Friday, January 19, 2018

Week In Review January 19, 2018: National Park Board Revolt, 136,000 Ton Oil Spill, and More

1. National Park Board Members Resign in Protest


Sea Save Note: Writer and historian Wallace Stegner called national parks "the best idea we ever had. We have marine national parks and also national parks that with an oceanic border. For that reason, we believe this news is critical to Sea Save “Week in Review” A majority of the members of a National Park Service advisory board (nine of twelve) resigned their posts Monday in protest of how Interior Secretary Ryan Zinke has treated them, according to a new report. The board is made up of “citizen advisors chartered by Congress to help the National Park Service care for special places saved by the American people so that all my experience our heritage.”
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2. Belize Ends National Oil Drilling Activity - Recognizes Economic Risk to Lucrative Tourism

In a move to protect the fragile Belize Barrier Reef, UNESCO World Heritage Site, the Belize government has announced bold legislation to end oil activity in all of its waters. This new law will protect the second-largest reef in the world. It is home to 1,400 species, including endangered hawksbill turtles, manatees, rays and six threatened species of shark. “Legislation to stop offshore oil drilling in Belize is an extremely wise decision,” said Ralph Capeling, co-owner of Splash Dive Center in nearby Placencia. “The economic potential of the reef clearly exceeds the value of any potential discoveries.”
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3. China Oil Spill Threatens Marine Life
oil spill, oil tanker. light crude oilAn Iranian tanker collided with a Hong Kong cargo ship on January 6, catching on fire and then sinking off the coast of Shanghai. The Sanchi tanker caused a massive spill of condensate, a light crude oil. “The condensate that leaked into the water could potentially wreak havoc on local fish spawning grounds, and the Sanchi sank in the migratory path of the humpback whale, according to Greenpeace.” This latest spill raises alarms about the potential risks of new drilling proposed by the Trump administration off formerly protected U.S. coasts.

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4. Switzerland Deems Lobster Boiling Inhumane - World First to Recognize Crustacean Pain

Switzerland's ban against boiling lobsters alive is one of the world's first. The law, which takes effect in March, requires that lobsters be stunned before they are cooked. Lobsters and other crustaceans must also be kept in a natural environment rather than on ice or in ice water. Animal rights groups applaud the move, which follows years of debate about whether lobsters can actually feel pain. A 2013 study in the Journal of Experimental Biology seems to put that notion to rest.
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5. Thorny Debate Over Australia’s Starfish Control Program




Australia, crown-of-thorns-starfishThe voracious crown-of-thorns starfish is gobbling up coral on Australia’s Great Barrier Reef. The starfish is devastating a reef already reeling from two mass bleaching events in recent years. Now a review of the government’s starfish control program asserts “a serious case of negligence” in a program that will likely fail.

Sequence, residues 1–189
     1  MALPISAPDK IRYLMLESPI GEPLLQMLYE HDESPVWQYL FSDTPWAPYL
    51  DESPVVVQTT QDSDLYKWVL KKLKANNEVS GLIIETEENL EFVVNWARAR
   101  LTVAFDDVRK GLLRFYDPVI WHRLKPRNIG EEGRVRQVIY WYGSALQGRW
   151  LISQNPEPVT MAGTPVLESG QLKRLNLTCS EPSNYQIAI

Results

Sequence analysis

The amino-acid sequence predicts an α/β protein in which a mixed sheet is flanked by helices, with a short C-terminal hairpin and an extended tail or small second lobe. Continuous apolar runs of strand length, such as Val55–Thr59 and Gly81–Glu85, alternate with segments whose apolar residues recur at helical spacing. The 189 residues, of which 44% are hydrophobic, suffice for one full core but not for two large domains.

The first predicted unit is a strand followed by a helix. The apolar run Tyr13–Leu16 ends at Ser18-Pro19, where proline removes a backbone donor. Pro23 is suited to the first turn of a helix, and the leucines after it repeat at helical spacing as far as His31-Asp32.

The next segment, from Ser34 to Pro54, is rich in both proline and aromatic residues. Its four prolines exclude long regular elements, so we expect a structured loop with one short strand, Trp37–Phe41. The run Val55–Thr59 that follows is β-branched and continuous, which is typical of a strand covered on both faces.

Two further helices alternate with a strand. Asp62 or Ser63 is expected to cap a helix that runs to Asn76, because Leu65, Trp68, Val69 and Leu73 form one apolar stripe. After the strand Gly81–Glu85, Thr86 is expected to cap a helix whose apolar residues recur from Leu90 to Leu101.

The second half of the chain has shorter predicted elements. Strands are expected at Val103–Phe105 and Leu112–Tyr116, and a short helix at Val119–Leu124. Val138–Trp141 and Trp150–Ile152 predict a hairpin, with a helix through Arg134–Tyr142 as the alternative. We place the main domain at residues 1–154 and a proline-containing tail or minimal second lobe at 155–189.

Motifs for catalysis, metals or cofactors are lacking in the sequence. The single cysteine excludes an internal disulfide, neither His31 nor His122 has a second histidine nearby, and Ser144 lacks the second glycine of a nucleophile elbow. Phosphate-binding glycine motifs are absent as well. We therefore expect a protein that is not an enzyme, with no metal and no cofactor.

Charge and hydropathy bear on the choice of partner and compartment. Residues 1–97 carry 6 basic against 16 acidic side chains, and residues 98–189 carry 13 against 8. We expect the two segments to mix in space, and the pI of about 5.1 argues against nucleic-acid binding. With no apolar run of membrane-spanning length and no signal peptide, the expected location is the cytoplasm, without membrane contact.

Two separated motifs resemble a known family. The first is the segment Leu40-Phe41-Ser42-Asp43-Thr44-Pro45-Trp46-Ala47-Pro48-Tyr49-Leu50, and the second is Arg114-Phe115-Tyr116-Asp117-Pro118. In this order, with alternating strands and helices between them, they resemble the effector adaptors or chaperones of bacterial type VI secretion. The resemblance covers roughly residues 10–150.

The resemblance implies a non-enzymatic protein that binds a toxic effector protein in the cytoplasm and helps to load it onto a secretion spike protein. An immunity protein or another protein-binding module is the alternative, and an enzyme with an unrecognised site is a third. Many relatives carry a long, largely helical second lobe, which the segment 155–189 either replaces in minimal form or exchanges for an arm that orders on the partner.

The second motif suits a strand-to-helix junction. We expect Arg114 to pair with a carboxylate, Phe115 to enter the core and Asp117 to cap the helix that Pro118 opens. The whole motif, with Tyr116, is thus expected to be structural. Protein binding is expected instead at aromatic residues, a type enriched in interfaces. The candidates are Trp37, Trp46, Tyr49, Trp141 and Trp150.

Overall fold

The government disputes that charge. "Managing the crown-of-thorns starfish is a significant challenge given the Great Barrier Reef covers an area larger than the size of Italy," says federal environment and energy minister Josh Frydenberg. “He adds that ‘solid progress’ had been made in tackling the natural predator with more than 500,000 of the starfish killed by divers.”

Udo Engelhardt, who conducted the review, is calling for an immediate halt to the $14.4 million program until a full review is completed. “We've suspected for a long time there's no hope that we can control the population level of the crown-of-thorns starfish by killing them one at a time," he says.
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6.  Ringed Seals Adopt Landlubber Survival Strategy

The ice on Norway’s Svalbard archipelago is shrinking—and some areas are now completely devoid of ice. Conservationists are concerned about the effect on ringed seals, who depend on sea ice to rest and molt. The seals also build lairs on the ice to shelter their pups until they grow enough blubber to survive the icy waters. Now a new study reveals a seal survival strategy: they are spending more time on land. The adaption is a good sign, but time will tell how ringed seals will survive the rapid changes transforming their world.
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7. Say Goodbye to Seagrass?


seagrass, climate change, carbon sink
Seagrass, along with mangroves and salt marshes, stores “up to 100 times more carbon than tropical forests at 12 times the speed. Vast prairies of sea grasses stretch for kilometers along the seafloor, storing enough carbon to rival the world’s forests.” But warming oceans threaten that critical carbon sink. “We can see that the coasts of Australia, Polynesia, and Hudson Bay will lose seagrass if ocean temperatures rise 1.5°C,” says Orhun Aydin, a researcher at the Environmental Systems Research Institute in California. “The species Zostera marina only grows in these areas and will become extinct.” That's bad news for all of us. “Global warming is actively destroying mechanisms for storing carbon dioxide. This means increasing temperature will not be a linear process; intuitively, I’d say it will be exponential.”